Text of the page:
Reputation
3,908
Top tag
Next privilege 5,000 Rep.
Approve tag wiki edits
Badges
1 10 40
Impact
~87k people reached

9h
comment Does a $\Pi_2^0$ sentence becomes equivalent to a $\Pi_1^0$ sentence after it has been proven?
@DavidC.Ullrich If that were true, then the answer to my question should be a resounding YES! But the example of Goodstein's theorem given in the question should make in clear that a $\Pi_2^0$ sentence can be true, without being equivalent to every other true sentence. (I actually hoped that Goodstein's theorem would be equivalent to (or at least imply) the consistency of PA, but I only found such a statement for the related Paris-Harrington theorem.) The case of the model existence theorem is more problematic, because it isn't really a statement about natural numbers.
17h
asked Does a $\Pi_2^0$ sentence becomes equivalent to a $\Pi_1^0$ sentence after it has been proven?
Mar
29
comment Geometric intuition behind the Lie bracket of vector fields
@sifsa See drive.google.com/folderview?id=0B6x6GQ82vuH_YnE2STNKZXU1cUk page 19 at the bottom. The proof exploits a definition of the Lie bracket by its effect on a test function $\varphi$ via $L_v(L_w \varphi) - L_w(L_v \varphi) = L_{[v,w]}\varphi$. Then it is sufficient to know that $L_v \varphi$ transforms canonically...
Mar
23
comment Are there any objects which aren't sets?
The point of sets in set theory is that we can quantify (impredicatively) over sets, because they are assumed to exist as a completed whole. Even so you can explicitly name some classes (even using predicative quantification over other classes), they don't exist as a completed whole. So you cannot meaningfully quantify (impredicatively) over them. I explained the way they fail to exist here, but it is probably hard to understand despite the simple examples.
Feb
19
awarded  Popular Question
Feb
8
comment How Graph Isomorphism is used to determine Graph Automorphism?
It is good that you care about graph automorphisms. Any permutation is a product of transpositions, but it can happen that you have two transpositions which are not automorphisms of the graph, but their product might still be an automorphism of the graph. But it is fine for me, if you say that the transposition was just an example, and that the idea also works for permutations which are not transpositions. On an unrelated note: Did you notice that the text said: "continue till an isomorphism is found"? So it only computes a single representative. Can you work out why a single rep. is enough?
Feb
8
comment How Graph Isomorphism is used to determine Graph Automorphism?
"Now consider a transposition $\pi$ that moves $(i+1)$ th vertex to $j'$ th position where $i <j'\leq n$." Is it really sufficient to only look at transpositions $\pi$? What would happen, if you used this algorithm to compute the automorphism group of a directed circle (whose automorphism group doesn't contain any transposition)?
Jan
25
revised Bound on the size of Permutation Set for Isomorphism
question has been modified, wrote an extended comment on my attempts to help Jim!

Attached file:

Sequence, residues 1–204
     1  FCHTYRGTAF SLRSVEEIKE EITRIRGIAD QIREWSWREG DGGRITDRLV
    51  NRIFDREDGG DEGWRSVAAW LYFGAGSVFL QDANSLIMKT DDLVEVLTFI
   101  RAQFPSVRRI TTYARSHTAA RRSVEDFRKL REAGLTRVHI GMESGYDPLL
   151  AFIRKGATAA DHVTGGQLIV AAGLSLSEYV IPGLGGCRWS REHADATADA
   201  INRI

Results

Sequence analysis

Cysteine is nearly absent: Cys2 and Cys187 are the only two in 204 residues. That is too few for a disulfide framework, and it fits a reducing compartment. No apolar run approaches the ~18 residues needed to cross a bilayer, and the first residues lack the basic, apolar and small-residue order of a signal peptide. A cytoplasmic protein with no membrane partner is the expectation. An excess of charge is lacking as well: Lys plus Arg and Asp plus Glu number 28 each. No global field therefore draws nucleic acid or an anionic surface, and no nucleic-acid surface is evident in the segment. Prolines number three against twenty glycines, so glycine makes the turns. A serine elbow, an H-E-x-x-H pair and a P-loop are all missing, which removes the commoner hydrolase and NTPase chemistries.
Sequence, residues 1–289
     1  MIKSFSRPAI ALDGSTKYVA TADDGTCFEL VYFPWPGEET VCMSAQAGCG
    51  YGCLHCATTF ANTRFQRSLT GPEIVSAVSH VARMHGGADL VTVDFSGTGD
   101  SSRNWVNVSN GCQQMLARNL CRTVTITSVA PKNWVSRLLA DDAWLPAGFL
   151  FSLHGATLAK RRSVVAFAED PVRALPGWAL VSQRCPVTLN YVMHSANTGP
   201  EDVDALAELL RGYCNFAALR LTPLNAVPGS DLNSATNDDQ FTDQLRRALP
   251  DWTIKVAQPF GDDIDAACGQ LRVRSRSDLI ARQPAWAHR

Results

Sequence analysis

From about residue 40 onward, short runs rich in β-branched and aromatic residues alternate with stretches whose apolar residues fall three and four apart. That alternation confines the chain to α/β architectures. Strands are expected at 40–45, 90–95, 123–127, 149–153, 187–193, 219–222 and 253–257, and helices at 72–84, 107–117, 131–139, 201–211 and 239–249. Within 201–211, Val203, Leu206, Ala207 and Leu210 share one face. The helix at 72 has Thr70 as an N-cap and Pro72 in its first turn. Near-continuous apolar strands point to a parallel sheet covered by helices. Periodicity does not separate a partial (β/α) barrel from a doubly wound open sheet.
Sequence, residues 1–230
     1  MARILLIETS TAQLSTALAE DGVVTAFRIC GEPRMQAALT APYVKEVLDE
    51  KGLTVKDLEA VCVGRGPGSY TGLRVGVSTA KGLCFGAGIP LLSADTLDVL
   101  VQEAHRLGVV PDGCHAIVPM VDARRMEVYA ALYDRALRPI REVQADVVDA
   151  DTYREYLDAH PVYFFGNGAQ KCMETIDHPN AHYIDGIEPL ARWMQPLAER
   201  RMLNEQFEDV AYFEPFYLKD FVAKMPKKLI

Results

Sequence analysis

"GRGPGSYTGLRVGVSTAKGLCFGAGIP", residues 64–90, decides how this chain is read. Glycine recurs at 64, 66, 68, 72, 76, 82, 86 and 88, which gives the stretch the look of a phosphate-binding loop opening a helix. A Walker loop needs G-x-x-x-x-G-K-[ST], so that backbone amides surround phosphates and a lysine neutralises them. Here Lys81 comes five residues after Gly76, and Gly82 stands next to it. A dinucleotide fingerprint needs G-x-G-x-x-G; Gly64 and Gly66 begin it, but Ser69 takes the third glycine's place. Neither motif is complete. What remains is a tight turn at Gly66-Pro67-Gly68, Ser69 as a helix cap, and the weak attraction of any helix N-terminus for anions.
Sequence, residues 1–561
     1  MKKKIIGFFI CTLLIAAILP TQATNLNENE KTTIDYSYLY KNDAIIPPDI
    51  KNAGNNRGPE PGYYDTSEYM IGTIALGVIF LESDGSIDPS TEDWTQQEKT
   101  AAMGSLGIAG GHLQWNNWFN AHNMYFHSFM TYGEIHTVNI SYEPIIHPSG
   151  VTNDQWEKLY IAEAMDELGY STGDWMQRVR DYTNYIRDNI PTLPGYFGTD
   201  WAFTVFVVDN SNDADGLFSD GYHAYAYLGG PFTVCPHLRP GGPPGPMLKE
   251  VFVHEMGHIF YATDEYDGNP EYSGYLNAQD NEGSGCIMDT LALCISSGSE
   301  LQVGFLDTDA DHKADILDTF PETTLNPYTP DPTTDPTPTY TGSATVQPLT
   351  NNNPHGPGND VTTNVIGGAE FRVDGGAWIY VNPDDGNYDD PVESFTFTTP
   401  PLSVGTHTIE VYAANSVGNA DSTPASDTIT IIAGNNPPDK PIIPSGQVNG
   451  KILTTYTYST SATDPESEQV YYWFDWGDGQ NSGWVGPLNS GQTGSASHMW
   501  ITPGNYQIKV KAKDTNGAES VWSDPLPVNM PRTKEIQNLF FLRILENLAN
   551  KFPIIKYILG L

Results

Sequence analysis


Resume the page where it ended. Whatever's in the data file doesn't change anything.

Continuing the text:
Jan
19
accepted Graphs embeddable into tree like simplicial 2-complexes
Jan
18
answered Bound on the size of Permutation Set for Isomorphism
Jan
4
comment Isomorphism of Non-Symmetric Matrices
Your algorithm doesn't work as claimed. You basically only describe the divide phase of the algorithm, but use handwaving instead of a description for how to combine the results from the subproblems to form a global solution. You also rely on handwaving for your mathematical notation: $2^{\sum log_2(m)}$ is unclear (sum over what?), $E_2= \min(K_i,J_i)$ is unclear (minimum of two matrices?), $J_i < m_1/2$ is unclear (a matrix is smaller than some number?), ... I admit that I can guess what you want to say, but how can I help you understand where your algorithm fails, with such handwaving?
Jan
4
answered Isomorphism of Non-Symmetric Matrices
Dec
27
awarded  Popular Question
Dec
18
asked Graphs embeddable into tree like simplicial 2-complexes
Dec
16
reviewed Leave Open Can we always multiply some function that is not differentiable everywhere with function that is to obtain differentiable product?
Dec
16
reviewed Leave Open Solution about a Michael Aschbacher exercise [edit]
Dec
16
reviewed Leave Open Is there a non-trivial cyclic quotient group of a non-cyclic group?
Dec
15
comment What does it mean if a free algebra has an unsolvable word problem?
@MattSamuel In the context of the word problem for groups, one talks about presentation of a group which means that a group is given by a set of generators and a set of relations among those generators. In this context, a relation is not allowed to contain free variables. So there might be a polynomial time algorithm for deciding the word problem for lattices (including relations), even so the word problem for free modular lattices is unsolvable.
Dec
15
revised What does it mean if a free algebra has an unsolvable word problem?
added links to definitions and the "terminology" tag
Dec
15
comment What does it mean if a free algebra has an unsolvable word problem?
@MattSamuel I thought about it some more, and came to the conclusion that equational axioms and relations are completely different things. If $a,b,c$ are your generators, then a relation is an equation between $a,b,c$ containing no free variable (=universally quantified variable) at all. An equational axiom on the other hand is an equation between free variables, containing no generators at all.